This dissertation addresses access management problems that occur in both emergency and outpatient clinics with the objective of allocating the available resources to improve performance measures by considering the trade-offs. Two main settings are considered for estimating patient willingness-to-wait (WtW) behavior for outpatient appointments with statistical analyses of data: allocation of the limited booking horizon to patients of different priorities by using time windows in an outpatient setting considering patient behavior, and allocation of hospital beds to admitted Emergency Department (ED) patients. For each chapter, a different approach based on the problem context is developed and the performance is analyzed by implementing analytical and simulation models. Real hospital data is used in the analyses to provide evidence that the methodologies introduced are beneficial in addressing real life problems, and real improvements can be achievable by using the policies that are suggested.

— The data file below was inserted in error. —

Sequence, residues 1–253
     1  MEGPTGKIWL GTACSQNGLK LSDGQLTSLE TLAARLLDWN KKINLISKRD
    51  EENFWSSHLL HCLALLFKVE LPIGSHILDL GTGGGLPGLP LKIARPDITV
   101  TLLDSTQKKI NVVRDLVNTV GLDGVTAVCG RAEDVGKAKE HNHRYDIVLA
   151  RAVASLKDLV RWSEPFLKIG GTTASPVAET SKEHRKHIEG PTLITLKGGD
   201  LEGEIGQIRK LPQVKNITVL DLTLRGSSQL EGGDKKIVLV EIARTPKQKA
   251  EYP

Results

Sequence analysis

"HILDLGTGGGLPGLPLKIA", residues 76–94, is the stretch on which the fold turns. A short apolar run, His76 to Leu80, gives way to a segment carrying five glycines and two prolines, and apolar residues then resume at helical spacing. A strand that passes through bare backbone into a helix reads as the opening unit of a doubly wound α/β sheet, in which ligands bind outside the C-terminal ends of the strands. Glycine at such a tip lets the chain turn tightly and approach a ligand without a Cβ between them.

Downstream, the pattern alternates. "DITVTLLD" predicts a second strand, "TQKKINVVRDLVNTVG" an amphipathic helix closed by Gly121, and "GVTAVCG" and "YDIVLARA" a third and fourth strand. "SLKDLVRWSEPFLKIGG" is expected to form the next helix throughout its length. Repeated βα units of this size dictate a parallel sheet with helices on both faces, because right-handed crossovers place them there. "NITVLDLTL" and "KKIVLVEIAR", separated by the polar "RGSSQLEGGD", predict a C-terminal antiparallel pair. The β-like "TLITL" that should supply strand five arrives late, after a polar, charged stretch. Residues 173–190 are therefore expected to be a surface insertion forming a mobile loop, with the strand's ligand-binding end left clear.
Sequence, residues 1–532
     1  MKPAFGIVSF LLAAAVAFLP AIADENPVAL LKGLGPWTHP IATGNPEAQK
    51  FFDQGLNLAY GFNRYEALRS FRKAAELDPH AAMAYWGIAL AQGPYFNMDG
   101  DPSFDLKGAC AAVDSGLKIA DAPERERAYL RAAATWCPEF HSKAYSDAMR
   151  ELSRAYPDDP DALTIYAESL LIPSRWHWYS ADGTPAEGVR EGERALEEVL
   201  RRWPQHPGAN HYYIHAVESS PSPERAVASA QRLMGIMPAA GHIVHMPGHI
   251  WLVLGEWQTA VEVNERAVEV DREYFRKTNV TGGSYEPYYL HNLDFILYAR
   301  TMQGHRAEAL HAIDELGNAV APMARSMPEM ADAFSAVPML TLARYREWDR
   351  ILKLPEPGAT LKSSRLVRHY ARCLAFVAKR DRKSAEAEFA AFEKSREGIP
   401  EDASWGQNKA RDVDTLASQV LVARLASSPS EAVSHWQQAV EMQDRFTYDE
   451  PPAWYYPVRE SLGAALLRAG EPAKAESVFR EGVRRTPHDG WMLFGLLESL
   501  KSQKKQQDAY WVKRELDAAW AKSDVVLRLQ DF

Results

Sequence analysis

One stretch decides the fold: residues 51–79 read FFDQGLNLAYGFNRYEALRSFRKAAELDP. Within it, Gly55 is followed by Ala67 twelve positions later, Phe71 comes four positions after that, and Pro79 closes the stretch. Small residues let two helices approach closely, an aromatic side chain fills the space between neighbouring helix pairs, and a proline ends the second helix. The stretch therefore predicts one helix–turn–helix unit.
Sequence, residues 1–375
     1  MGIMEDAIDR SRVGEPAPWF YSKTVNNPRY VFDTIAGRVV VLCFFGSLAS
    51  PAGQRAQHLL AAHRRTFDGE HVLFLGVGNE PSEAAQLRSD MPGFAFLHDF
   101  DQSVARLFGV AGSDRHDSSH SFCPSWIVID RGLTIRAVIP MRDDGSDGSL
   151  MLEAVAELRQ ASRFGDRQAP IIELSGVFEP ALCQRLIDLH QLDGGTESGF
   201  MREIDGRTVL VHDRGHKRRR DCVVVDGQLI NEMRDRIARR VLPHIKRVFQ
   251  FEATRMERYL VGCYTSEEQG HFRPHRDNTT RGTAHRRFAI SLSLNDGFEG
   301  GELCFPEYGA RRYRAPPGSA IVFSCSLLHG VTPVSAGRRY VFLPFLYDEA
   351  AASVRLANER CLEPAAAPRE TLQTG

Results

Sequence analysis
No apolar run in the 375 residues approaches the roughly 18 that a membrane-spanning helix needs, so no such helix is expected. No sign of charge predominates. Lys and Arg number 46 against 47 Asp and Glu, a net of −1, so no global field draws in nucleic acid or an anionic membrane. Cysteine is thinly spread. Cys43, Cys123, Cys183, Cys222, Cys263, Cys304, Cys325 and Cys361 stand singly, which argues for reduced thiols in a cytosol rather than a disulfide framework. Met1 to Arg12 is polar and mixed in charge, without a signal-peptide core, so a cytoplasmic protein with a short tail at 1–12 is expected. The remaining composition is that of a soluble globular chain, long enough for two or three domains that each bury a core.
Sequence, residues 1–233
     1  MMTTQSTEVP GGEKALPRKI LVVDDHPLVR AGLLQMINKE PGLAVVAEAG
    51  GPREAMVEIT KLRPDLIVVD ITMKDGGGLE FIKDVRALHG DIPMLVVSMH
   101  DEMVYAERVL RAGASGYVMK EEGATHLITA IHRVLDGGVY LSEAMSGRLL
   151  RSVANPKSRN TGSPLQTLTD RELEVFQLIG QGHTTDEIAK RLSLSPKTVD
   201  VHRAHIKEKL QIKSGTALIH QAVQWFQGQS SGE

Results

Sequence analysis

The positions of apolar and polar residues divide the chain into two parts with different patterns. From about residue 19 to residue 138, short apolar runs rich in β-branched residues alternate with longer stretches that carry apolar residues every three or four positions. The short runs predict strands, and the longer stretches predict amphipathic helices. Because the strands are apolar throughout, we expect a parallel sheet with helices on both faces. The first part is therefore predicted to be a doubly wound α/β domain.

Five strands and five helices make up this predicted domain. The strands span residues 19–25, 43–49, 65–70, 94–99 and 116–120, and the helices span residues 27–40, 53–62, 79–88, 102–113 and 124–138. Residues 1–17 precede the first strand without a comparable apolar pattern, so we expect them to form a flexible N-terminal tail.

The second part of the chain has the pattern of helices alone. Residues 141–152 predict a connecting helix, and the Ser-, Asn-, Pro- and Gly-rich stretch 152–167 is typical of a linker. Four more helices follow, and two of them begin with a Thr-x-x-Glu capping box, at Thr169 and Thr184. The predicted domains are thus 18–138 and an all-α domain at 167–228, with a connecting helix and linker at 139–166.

This dissertation starts with studying an outpatient clinic context to develop an effective resource allocation mechanism that can improve patient access to clinic appointments. I first start with identifying patient behavior in terms of willingness-to-wait to an outpatient appointment. Two statistical models are developed to estimate patient WtW distribution by using data on booked appointments and appointment requests. Several analyses are conducted on simulated data to observe effectiveness and accuracy of the estimations.
Then, this dissertation introduces a time windows based policy that utilizes patient behavior to improve access by using appointment delay as a lever. The policy improves patient access by allocating the available capacity to the patients from different priorities by dividing the booking horizon into time intervals that can be used by each priority group which strategically delay lower priority patients.
Finally, the patient routing between ED and inpatient units to improve the patient access to hospital beds is studied. The strategy that captures the trade-off between patient safety and quality of care is characterized as a threshold type. Through the simulation experiments developed by real data collected from a hospital, the achievable improvement of implementing such a strategy that considers the safety-quality of care trade-off is illustrated.